Secondly, when you look at the kind of qualified workers that we need in the manufacturing sector, there is still a disconnect. A 1997 National Association of Manufacturers survey showed that 88% of American manufacturers experience a shortage of qualified workers in at least one category, while the full range of manufacturing industries, from the most labor intensive to the most technology intensive, experienced a significant increase in the skill requirements. So we still have this disconnect. We've been talking about this since 1973, we certainly focused on it during the Clinton Administration, but many of the programs that were put in place during that administration have either been phased out, or the funding has been decreased significantly. I think that's a mistake.
Even in upstate New York, where we often lose qualified, educated workers to other parts of the country for job opportunities, you can go to any of our major manufacturing companies, as I do on a regular basis, they have jobs that are not being filled right now. So we've got to do a better job of connecting up our work force and their skills with the needs of our manufacturers.
One immediate change in training that I support is to expand the trade adjustment assistance program to address the needs, not only of manufacturing workers, but also of service workers, and then to better fund the trade adjustment assistance program. While the TAA provides retraining, income support, health insurance tax credits, and other benefits, it's always been limited to workers who produce goods not services. And that made sense back in 1962 when it started. But now, when we are outsourcing call centers, and engineers, and software programmers, and even radiologists, we need to look more broadly at how we help the workers whose jobs are being outsourced get back on their feet and back into the job market.
We have talked for some time about a national skills corporation, and I still think this is an idea that has a lot of good, solid work behind it, that has not been adequately implemented. If we put all the job training under one roof, we would have a better chance of figuring out what we need, and responding to the changing requirements of the work force. In the State of the Union the president made reference to supporting community colleges, and I support that 100%. But the problem is his budget gave with one hand and took away with the other. He did follow through on what he said in the State of the Union, to give more money to community colleges, then he went and cut all the other programs that support community colleges, so there's no net increase in the support going to community colleges, which remain the basic institutional entity that delivers job training, that works with the private sector, that provides the one- and two-year programs that fill employment needs in our regional economies.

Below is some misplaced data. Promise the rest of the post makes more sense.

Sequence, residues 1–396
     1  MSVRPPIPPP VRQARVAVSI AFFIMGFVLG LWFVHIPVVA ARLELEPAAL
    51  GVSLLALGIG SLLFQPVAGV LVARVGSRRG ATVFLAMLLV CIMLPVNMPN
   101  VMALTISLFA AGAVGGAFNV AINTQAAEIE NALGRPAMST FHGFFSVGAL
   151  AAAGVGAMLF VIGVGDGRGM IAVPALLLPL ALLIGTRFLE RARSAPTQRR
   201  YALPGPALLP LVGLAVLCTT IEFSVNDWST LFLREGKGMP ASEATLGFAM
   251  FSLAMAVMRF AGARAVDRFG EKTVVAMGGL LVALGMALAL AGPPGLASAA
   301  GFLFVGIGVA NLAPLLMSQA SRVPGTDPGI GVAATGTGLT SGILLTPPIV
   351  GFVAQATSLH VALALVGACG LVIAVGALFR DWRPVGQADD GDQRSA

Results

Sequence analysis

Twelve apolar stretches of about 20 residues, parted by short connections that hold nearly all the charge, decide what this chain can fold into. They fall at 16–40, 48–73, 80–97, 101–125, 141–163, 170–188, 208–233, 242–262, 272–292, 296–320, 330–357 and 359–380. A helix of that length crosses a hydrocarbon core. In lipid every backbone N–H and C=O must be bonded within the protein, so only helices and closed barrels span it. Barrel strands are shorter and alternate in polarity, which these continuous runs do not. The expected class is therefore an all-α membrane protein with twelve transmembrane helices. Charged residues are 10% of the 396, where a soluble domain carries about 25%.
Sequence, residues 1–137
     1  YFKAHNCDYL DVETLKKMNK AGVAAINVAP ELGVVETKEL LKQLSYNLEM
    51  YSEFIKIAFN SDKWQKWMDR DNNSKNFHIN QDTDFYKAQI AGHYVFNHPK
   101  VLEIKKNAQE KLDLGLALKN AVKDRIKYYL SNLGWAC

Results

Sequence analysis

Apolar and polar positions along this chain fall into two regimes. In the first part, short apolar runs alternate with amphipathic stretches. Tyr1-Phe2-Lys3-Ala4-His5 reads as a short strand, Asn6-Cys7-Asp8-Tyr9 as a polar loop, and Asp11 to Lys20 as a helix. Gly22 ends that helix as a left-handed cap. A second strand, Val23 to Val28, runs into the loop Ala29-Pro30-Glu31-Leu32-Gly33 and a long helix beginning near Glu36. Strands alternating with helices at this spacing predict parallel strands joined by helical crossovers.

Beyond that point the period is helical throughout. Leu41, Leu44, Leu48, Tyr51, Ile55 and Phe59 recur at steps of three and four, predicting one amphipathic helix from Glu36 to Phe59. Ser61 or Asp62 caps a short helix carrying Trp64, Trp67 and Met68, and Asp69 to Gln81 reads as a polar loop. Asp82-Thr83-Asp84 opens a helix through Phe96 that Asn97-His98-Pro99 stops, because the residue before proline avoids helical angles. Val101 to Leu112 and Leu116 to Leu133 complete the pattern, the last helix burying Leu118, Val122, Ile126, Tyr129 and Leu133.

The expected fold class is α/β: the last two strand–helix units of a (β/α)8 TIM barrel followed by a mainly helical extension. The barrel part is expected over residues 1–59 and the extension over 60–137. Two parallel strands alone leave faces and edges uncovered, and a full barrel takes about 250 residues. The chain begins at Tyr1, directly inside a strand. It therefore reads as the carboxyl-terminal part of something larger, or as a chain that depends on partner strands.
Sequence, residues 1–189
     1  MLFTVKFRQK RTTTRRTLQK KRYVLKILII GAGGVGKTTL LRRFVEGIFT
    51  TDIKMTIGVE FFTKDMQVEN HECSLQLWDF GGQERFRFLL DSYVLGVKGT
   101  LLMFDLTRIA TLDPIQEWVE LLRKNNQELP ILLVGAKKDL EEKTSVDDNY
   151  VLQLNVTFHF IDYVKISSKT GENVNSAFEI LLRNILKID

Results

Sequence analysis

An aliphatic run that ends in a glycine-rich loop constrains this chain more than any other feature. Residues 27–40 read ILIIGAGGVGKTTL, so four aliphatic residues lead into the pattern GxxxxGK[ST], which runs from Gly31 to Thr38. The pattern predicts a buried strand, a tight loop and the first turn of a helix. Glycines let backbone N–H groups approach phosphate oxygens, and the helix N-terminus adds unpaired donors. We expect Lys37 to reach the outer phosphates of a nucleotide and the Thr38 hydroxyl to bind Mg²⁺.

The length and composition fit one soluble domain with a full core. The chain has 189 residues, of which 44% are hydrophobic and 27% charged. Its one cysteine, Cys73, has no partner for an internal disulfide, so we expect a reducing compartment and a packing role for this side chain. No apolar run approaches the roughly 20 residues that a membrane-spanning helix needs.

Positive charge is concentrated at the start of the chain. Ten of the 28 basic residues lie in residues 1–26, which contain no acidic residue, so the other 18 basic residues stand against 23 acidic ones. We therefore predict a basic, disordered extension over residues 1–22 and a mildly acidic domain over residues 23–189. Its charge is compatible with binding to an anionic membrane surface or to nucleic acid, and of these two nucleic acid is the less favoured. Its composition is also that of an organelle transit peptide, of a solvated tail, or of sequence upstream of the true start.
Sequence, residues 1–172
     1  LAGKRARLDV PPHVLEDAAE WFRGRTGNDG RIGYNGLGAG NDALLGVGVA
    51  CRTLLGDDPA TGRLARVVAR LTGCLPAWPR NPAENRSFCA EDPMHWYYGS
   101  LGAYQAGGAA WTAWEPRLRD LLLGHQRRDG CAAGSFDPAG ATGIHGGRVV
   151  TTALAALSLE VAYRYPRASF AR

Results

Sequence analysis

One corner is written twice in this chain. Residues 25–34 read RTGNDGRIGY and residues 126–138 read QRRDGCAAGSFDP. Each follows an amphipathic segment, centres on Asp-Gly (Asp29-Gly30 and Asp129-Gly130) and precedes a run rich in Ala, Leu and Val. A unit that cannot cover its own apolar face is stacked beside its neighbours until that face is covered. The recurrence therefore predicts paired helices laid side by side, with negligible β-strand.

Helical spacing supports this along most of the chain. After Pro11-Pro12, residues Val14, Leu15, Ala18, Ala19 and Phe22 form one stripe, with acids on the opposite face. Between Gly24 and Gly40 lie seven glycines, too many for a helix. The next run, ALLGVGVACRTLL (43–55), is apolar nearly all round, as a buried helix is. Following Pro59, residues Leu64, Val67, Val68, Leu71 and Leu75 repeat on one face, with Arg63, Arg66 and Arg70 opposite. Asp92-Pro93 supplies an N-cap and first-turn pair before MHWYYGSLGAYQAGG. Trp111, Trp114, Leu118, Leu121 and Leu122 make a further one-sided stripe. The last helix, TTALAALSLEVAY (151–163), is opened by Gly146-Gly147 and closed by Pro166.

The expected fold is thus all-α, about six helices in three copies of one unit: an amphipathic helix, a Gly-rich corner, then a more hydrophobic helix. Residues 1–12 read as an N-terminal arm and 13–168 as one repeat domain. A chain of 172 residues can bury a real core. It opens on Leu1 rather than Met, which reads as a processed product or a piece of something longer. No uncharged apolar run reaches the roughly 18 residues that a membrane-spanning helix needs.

It's also clear that when you look at workers today, much of the dislocation is regionally located. And we can look, as John said, at the Midwest and the Northeast, in particular, and certain places in the south, South Carolina has suffered grievously in manufacturing job losses in the last several years. And I think we should try some more targeted assistance for those places that have suffered the most job loss. And I think it would be smart, because just as in the 19th and 20th century, places that were more prosperous, such as my state of New York and others, helped to irrigate fields, helped to electrify the rest of the country, now it is in the interest of the entire national economy not to have places so undercut by their economic losses that they cannot be productive contributors to the overall well-being of our nation's economic future.